The Air Resources Board (ARB) is investigating if offset credits issued for the destruction of ozone-depleting substances (ODS) at an Arkansas facility were generated while it was not in compliance with federal environmental rules, according to an ARB letter sent to offset holders.
The regulator can review and invalidate credits for up to eight years after issuance if the implementation of the project was not in compliance with local, state, or national environmental and health and safety regulations.
The ARB did not disclose the amount of offsets affected or the period in which they were issued. According to data from the regulator, the El Dorado, Arkansas incineration facility run by Clean Harbors was connected to up to one quarter of the ODS offsets issued so far, or roughly 14% of the 8.8m total offsets issued to date. The facility is by far the most used for ODS destruction.
As a result of the investigation, companies will not be able to buy or sell those credits during the period of review, according to the ARB document obtained by ICIS.
The offset holders now have 25 days to provide additional information to the ARB, and the regulator will make a final verdict 30 days after all information has been collected.
The facility was found non-compliant with the federal resource conservation and recovery act (RCRA) as part of “multiple inspections” conducted by the US Environmental Protection Agency (EPA) in 2009 and 2011, according to information from the agency.
EPA ordered Clean Harbors to pay a $581,236 penalty for improperly identifying and disposing of hazardous waste, improper storage of hazardous waste and failure to comply with air emissions standards, the agency said earlier this month.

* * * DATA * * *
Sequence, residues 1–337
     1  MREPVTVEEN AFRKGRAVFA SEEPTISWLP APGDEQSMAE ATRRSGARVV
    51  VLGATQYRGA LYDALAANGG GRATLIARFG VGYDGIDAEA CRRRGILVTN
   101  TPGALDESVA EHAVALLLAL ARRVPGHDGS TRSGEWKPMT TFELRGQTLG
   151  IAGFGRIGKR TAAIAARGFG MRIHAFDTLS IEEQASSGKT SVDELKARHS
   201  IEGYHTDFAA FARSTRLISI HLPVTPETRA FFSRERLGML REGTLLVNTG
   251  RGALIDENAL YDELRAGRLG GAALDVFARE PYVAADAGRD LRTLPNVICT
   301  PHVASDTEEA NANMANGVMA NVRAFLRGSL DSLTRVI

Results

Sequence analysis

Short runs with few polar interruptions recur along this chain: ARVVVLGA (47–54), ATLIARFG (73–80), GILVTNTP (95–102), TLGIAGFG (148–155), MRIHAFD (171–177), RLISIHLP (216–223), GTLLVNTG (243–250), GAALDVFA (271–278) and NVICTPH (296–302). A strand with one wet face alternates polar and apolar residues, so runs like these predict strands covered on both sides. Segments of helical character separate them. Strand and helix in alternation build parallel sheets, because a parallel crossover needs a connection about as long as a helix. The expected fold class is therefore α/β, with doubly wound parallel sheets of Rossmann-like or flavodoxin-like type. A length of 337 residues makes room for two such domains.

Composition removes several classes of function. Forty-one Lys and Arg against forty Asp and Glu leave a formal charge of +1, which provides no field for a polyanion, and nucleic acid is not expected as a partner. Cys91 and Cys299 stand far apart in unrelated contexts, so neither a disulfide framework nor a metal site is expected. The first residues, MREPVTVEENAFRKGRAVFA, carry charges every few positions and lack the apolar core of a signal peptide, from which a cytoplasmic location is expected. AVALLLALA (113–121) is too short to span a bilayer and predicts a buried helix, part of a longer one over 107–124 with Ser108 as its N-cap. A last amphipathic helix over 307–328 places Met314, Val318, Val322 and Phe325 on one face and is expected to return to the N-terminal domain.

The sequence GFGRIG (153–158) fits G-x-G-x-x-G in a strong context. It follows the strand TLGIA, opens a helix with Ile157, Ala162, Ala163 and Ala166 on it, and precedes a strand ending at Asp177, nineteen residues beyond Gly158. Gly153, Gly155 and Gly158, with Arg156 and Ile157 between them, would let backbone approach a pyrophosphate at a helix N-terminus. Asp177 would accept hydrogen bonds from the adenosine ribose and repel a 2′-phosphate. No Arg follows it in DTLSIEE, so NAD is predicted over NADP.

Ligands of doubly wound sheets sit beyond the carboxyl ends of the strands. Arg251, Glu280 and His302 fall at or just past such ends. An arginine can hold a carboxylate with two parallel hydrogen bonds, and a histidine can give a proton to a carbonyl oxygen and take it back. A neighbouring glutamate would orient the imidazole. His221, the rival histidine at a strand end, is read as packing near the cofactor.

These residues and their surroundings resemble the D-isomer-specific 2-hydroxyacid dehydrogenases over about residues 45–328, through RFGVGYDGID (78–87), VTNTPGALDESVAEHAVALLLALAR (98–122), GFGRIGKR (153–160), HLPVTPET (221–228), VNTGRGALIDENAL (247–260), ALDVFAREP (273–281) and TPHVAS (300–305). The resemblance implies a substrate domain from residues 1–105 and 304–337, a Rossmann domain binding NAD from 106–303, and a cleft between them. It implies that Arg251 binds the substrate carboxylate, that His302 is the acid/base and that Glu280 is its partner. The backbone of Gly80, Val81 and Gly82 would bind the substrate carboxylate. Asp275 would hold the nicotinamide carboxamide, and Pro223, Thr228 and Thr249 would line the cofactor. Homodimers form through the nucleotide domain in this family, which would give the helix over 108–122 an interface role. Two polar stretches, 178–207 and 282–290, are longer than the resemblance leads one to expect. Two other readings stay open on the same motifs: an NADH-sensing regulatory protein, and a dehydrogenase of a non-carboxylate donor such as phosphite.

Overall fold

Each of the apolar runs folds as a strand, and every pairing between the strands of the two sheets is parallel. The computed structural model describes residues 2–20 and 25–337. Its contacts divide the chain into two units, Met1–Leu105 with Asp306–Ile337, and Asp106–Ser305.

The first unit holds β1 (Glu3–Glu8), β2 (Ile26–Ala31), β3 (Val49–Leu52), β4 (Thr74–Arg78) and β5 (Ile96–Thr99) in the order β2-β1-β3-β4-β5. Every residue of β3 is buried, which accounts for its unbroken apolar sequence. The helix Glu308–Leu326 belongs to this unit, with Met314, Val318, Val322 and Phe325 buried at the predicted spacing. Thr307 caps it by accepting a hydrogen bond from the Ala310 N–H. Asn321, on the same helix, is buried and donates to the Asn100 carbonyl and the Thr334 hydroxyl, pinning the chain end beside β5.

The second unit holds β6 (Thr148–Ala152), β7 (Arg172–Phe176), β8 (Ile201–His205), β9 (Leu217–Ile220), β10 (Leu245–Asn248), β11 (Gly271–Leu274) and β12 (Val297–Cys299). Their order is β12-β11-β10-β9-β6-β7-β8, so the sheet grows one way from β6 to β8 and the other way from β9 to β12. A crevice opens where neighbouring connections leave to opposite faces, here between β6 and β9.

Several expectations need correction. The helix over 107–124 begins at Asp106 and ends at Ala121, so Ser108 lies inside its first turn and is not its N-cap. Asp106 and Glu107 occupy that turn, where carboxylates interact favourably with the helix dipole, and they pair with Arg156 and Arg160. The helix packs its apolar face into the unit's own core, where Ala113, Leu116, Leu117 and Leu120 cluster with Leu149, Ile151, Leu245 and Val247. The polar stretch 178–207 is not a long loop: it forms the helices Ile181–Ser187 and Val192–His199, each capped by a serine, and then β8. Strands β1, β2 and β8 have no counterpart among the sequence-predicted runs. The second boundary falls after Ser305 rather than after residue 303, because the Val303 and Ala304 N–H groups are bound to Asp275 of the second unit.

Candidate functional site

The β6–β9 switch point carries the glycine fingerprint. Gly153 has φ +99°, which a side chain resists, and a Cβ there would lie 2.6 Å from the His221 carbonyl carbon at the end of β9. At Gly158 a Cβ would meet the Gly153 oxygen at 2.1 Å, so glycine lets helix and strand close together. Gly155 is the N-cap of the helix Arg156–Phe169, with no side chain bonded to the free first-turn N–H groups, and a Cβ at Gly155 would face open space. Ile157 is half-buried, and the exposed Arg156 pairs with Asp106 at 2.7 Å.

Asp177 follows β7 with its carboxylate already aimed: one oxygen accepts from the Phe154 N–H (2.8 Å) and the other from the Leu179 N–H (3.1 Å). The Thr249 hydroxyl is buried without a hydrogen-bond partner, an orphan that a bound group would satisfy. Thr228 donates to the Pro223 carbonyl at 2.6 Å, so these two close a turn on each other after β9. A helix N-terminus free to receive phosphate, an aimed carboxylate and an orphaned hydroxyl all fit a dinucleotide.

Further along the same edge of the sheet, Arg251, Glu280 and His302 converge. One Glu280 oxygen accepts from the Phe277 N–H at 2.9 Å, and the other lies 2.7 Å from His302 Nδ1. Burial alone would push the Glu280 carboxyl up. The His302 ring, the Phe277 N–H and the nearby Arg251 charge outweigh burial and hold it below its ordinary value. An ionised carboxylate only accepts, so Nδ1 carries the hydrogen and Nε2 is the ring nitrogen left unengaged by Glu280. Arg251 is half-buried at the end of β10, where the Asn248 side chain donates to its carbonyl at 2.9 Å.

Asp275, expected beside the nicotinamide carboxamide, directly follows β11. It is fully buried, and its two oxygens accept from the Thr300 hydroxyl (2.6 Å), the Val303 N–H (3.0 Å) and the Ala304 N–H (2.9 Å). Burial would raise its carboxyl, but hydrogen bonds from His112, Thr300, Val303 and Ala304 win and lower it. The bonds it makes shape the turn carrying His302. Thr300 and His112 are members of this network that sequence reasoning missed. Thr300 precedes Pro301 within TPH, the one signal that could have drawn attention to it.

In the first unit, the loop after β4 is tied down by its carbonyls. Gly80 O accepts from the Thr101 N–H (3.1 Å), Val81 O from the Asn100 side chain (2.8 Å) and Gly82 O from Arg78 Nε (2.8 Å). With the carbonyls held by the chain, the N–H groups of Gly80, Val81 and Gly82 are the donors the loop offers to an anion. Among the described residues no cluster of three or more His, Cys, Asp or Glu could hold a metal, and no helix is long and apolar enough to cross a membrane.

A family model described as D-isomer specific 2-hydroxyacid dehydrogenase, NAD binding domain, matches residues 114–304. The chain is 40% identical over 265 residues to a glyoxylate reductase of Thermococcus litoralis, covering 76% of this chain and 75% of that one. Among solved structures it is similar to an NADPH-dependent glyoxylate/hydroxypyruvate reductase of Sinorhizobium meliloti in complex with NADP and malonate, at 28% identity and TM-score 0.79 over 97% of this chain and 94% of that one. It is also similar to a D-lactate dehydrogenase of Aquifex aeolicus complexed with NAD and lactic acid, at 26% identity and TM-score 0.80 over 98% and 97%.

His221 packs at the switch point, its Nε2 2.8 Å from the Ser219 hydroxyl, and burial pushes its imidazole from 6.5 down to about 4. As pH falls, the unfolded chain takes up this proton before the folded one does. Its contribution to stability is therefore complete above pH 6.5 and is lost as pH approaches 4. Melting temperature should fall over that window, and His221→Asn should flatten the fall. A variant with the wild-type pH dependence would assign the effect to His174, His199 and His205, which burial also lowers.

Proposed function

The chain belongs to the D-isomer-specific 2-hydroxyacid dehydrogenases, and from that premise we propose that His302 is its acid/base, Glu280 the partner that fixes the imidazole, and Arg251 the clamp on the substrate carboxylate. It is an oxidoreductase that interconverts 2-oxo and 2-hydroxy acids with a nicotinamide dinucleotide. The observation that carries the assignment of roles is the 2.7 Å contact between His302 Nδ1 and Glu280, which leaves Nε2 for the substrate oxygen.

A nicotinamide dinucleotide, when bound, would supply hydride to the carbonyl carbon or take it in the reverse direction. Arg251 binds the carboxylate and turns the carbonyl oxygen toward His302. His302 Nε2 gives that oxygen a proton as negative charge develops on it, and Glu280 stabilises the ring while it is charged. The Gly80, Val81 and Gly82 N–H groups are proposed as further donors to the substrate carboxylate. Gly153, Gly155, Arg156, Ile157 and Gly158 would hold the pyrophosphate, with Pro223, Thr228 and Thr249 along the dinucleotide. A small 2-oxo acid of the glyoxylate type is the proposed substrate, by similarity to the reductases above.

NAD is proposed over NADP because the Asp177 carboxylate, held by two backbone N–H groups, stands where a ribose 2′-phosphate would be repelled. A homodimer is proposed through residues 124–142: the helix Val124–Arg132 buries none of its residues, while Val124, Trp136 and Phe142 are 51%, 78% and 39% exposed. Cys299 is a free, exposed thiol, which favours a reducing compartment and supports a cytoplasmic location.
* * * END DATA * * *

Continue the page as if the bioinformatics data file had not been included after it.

The agency said the company improperly sold brine produced from the facility air control system as product. Under the federal RCRA program, hazardous substances must instead be stored, handled and disposed.
Clean Harbors told ICIS it has not received any formal notification by the ARB about the investigation.
“We have compliantly destroyed hundreds of thousands of kilograms of chlorofluorocarbons at our state of the art hazardous waste incineration facility,” Phillip Retallick, senior vice president for compliance and regulatory affairs, told ICIS.
He added the company does not believe the RCRA violation will impact compliance with the ARB offset programme.
According to ARB data, 87% of the 5.5m ODS offsets issued so far were destroyed at the Clean Harbors facility. Narrowing the focus to 2009-2011, the years when the facility was found non-compliant, up to 25% of the total ODS offsets could be affected, or 1.3m, according to data.
Offset developers EOS Climate, Diversified Pure Chem, Environmental Credit Corp, Wilshire Stanford Offsets and Pure Chem Separation all were issued ODS credits through the Clean Harbors facility. EOS Climate did not comment on the issue. The other companies did not respond to questions from ICIS at the time of publication.
Market participants said the news had the potential to have a devastating impact on the offset market, specifically on the ODS protocol, depending on the scope and the ARB final verdict.
Under California rules, the buyer of the offsets rather than the seller holds the risk of invalidation, unless contractually agreed otherwise.
A trader at a compliance entity said the investigation likely would depress the market for offsets, because ODS was seen as the less risky of the five current protocols. He said the investigation would change how people view all offset credits, likely hurting demand in the short-term.
Compliance entities can use offsets to cover 8% of their annual emissions under ARB rules. Dan X. McGraw and Silvia Molteni